With Theresa May’s ‘meaningful vote’ failing by a margin that would be hilarious if she wasn’t the actual leader of our country, the United Kingdom is faced with a decision. In the words of The Clash, ‘Should I Stay or Should I Go?’
I am a young, liberal, middle class student. On this foundation, you would be likely to assume that I support Remain and, until relatively recently, you would have been correct. It’s not that I now support Leave. I don’t. I do understand the validity of many of the arguments used by experts and members of the public who voted for Leave, but I don’t agree with their somewhat idealised prediction of Britain outside the EU. This isn’t to say that I am correct, or even that I think I’m correct. I’m aware that this is an unexpected situation which is likely to yield unexpected results. This article is not intended as a lecture, or a raging polemic against Leave voters: there are enough of those already. In giving my opinion, my hope is that others will question their viewpoints and start productive conversations with those once thought of as the ‘enemy’.
Recently, I watched Brexit: The Uncivil War. It was a well-written film, with a great cast, and a brilliant story line. But I’d recommend that you don’t watch it. Why? Because no matter how you feel about the EU, it hits you in the face with the reality of what you supported and continue to support. The film centres around the failures of both campaigns, though mostly that of Leave. Watching politicians play with the future of our country as nothing more than a game that they wanted to win was painful at the best of times. You could say that the message of the film was that politicians are all evil and the world’s a pretty fucked up place. However, if you’re looking for a bit of nuance, I’d say the message I took from the film was something I already knew but had been avoiding. You can’t ignore the other side. You can’t ridicule them. You can’t tell them that they’re wrong. You can’t endorse division. You can’t assume your point of view is the only valid point of view. It doesn’t work in politics or society, and it will come back to bite you.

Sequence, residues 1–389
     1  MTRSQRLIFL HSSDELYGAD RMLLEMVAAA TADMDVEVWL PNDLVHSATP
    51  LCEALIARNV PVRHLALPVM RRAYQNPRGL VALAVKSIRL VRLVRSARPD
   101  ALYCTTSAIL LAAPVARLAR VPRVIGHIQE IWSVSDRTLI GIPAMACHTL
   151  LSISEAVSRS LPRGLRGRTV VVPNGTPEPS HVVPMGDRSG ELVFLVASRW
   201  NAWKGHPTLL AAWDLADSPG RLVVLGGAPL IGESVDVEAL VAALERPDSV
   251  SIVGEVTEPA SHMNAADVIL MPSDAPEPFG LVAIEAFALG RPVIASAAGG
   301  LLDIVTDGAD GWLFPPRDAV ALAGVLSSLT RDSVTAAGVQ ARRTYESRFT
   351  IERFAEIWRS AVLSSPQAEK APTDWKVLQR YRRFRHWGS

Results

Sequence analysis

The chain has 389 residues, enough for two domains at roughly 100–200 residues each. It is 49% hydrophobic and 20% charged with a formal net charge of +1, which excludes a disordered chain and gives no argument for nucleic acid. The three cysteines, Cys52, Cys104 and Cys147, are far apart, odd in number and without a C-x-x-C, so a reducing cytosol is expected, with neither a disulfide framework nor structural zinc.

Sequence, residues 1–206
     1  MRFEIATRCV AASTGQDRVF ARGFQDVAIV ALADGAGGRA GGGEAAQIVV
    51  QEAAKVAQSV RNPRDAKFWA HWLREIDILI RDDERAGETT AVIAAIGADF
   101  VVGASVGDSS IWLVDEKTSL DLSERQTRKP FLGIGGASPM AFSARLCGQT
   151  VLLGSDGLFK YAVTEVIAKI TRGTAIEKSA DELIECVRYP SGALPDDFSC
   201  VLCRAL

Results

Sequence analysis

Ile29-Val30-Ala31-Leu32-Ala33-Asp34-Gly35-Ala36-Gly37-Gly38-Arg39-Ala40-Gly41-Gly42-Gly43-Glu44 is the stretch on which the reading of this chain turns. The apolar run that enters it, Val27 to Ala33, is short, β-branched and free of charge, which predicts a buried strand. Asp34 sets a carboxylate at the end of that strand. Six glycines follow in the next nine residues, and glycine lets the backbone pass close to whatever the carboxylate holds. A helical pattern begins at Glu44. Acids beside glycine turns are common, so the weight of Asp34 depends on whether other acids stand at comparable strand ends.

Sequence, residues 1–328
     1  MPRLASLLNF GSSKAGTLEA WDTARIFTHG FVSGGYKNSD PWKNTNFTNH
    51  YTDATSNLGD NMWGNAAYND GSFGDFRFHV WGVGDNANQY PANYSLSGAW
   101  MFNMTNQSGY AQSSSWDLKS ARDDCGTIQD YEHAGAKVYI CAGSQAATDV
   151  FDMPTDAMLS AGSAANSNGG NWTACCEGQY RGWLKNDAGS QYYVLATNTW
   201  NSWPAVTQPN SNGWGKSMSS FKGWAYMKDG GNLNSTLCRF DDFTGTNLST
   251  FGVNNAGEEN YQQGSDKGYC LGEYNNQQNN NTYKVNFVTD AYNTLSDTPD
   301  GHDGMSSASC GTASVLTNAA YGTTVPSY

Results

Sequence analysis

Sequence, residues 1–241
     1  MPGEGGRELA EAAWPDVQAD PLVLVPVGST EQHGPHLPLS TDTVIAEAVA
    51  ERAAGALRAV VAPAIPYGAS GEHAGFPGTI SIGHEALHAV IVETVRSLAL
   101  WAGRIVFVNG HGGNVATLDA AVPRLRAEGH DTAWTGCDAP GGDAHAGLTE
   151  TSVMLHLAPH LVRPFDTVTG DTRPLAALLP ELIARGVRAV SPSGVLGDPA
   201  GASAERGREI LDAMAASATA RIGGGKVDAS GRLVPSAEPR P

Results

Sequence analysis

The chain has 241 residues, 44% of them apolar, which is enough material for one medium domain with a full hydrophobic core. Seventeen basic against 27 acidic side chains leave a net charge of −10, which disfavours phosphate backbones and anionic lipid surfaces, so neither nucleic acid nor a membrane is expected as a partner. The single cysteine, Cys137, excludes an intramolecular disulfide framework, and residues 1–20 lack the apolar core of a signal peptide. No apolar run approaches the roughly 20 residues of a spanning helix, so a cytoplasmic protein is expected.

David Lammy’s speech in the Commons on January 10th was a brilliant demonstration of how to build an argument around the perspective of the ‘other side’, accepting and critiquing it instead of bluntly labelling all those who disagree with you as ‘wrong’. In short, Lammy argued that the people Labour were told they should have been looking after by supporting Brexit – miners, farmers, etc. – would not be looked after by Brexit at all. These groups were exploited by rich figures such as Boris Johnson, who used the Leave campaign more as a challenge than a serious political issue. Having watched Brexit: The Uncivil War, the message of the speech resonated with the frustrations that I had taken away from the film, and I felt sure that any of those who were ‘lied to’ that watched this speech would see the light and realise that Brexit would not benefit them.